It was never going to last forever. But the house the Swiss guides built high in the mountains — masonry on the outside, plywood on the inside, a kitchen, an attic, one dormitory for men and another for women — followed the lesson of the Christian parable exactly. They built on rock — on the narrow Abbot Pass, 2,925 metres above sea level, between Lake O’Hara in Yoho National Park and Lake Louise in Banff National Park, on the Continental Divide.
Just bringing the building materials to the site involved heroic levels of organization and labour. They hired wranglers with horses to carry wood, windows, bolts and lime for making cement up from Lake Louise to the base of the avalanche-prone Death Trap, a steep, glaciated canyon between Mount Victoria and Mount Lefroy. From there, they carried 35-kilogram packs over a ladder that spanned a large crevasse, and then winched sleds up the steep sections to the pass, where they’d quarried the stones.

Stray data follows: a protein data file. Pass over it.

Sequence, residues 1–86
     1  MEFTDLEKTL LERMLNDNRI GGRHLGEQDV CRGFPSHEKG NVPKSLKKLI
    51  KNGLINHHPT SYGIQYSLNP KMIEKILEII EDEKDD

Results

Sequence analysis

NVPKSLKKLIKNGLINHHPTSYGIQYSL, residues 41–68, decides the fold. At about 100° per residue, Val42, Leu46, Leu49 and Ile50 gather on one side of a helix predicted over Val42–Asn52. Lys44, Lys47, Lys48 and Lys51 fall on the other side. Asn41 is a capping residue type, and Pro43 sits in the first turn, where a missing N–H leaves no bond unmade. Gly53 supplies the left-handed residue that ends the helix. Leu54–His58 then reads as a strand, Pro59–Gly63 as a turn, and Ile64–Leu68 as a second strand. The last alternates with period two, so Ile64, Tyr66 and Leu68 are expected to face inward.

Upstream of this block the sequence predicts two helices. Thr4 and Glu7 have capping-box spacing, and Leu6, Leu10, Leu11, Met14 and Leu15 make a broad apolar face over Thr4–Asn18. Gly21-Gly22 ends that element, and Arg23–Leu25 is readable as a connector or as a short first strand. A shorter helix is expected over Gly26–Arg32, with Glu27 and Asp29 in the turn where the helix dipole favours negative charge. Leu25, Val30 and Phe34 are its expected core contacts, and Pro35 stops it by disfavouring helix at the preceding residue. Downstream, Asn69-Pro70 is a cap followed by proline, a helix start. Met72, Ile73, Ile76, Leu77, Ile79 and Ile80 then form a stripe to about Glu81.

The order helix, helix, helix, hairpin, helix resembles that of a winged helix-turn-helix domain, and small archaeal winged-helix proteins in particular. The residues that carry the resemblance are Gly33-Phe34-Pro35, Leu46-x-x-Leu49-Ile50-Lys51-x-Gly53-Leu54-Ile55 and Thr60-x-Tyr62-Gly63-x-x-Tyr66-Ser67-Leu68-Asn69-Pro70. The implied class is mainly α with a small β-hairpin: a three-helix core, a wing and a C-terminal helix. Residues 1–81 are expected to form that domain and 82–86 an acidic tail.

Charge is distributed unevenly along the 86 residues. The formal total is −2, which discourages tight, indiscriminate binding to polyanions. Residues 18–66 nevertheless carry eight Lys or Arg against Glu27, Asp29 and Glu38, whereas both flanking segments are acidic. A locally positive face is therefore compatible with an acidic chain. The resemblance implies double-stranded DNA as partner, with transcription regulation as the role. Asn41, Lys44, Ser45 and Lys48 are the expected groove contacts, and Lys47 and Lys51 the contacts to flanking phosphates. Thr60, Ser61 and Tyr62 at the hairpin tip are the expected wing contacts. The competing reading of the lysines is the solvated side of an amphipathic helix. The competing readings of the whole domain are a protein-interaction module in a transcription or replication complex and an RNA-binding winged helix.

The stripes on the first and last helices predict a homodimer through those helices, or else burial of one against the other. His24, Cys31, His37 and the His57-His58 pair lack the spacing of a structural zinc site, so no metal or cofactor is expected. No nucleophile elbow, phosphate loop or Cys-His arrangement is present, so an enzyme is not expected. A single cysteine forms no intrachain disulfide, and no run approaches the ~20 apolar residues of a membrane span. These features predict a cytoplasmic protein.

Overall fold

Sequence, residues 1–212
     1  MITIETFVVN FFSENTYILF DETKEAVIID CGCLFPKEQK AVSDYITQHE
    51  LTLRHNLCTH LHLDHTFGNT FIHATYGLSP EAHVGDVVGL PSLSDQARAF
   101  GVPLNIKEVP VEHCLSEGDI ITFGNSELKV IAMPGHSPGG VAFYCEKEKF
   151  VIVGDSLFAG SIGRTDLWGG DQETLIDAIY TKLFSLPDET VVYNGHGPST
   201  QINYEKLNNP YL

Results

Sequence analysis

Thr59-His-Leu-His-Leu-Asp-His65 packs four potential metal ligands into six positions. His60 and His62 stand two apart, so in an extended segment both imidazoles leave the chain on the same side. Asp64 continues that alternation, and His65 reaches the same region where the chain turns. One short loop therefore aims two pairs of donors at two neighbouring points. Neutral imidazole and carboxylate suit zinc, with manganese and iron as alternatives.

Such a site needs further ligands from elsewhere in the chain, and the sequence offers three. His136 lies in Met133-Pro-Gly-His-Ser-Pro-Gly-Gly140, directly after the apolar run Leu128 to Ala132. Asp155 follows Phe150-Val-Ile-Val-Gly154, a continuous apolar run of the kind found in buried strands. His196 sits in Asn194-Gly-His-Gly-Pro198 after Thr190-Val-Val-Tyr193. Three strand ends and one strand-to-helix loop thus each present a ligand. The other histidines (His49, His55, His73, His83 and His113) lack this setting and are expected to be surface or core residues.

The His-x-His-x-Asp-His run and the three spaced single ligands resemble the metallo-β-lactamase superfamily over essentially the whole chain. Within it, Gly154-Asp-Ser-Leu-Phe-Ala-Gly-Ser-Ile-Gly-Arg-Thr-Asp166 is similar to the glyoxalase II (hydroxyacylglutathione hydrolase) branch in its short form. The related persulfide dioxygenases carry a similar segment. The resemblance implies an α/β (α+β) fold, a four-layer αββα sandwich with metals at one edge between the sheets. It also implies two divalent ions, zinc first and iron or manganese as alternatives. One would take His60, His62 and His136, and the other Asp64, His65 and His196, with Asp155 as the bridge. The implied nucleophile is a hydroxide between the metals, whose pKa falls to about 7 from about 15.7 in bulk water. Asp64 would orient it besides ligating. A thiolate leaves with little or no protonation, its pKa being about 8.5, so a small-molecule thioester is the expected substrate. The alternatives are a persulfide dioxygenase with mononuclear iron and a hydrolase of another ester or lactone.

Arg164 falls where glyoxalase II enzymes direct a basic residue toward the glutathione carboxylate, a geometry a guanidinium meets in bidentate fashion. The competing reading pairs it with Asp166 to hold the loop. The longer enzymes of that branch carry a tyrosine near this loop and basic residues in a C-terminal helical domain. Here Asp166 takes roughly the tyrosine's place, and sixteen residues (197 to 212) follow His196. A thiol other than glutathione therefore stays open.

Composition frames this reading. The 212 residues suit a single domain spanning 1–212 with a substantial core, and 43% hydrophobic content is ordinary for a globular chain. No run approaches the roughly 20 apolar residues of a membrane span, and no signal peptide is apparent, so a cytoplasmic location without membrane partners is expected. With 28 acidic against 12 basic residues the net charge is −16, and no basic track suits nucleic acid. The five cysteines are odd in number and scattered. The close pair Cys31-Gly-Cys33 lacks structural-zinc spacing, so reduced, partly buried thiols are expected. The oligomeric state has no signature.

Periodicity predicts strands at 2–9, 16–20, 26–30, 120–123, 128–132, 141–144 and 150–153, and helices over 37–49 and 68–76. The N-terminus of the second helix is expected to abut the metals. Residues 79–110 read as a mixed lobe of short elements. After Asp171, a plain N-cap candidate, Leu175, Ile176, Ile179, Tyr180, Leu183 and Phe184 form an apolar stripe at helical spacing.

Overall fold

After moving to Canada, Swiss-born mountain guides Edward Feuz Jr. and Rudolph Aemmer had seen a need for “altitude-accommodation for serious mountaineers” in the burgeoning tourism industry of 1920s, and they opened theirs in 1923. “Up here,” said Feuz at the inauguration ceremony, “with all those beautiful peaks everywhere, this simple hut is a home.”
The Abbot Pass refuge cabin should still be standing, the snowmelt from its shake roof still flowing to both the Pacific and Atlantic oceans. Mountaineers should still be coming here during the climbing season, dining, bunking and warming themselves by the wood stove before making their early morning start for the summits. But this summer, Parks Canada is taking the guides’ house down. No one had accounted for climate change.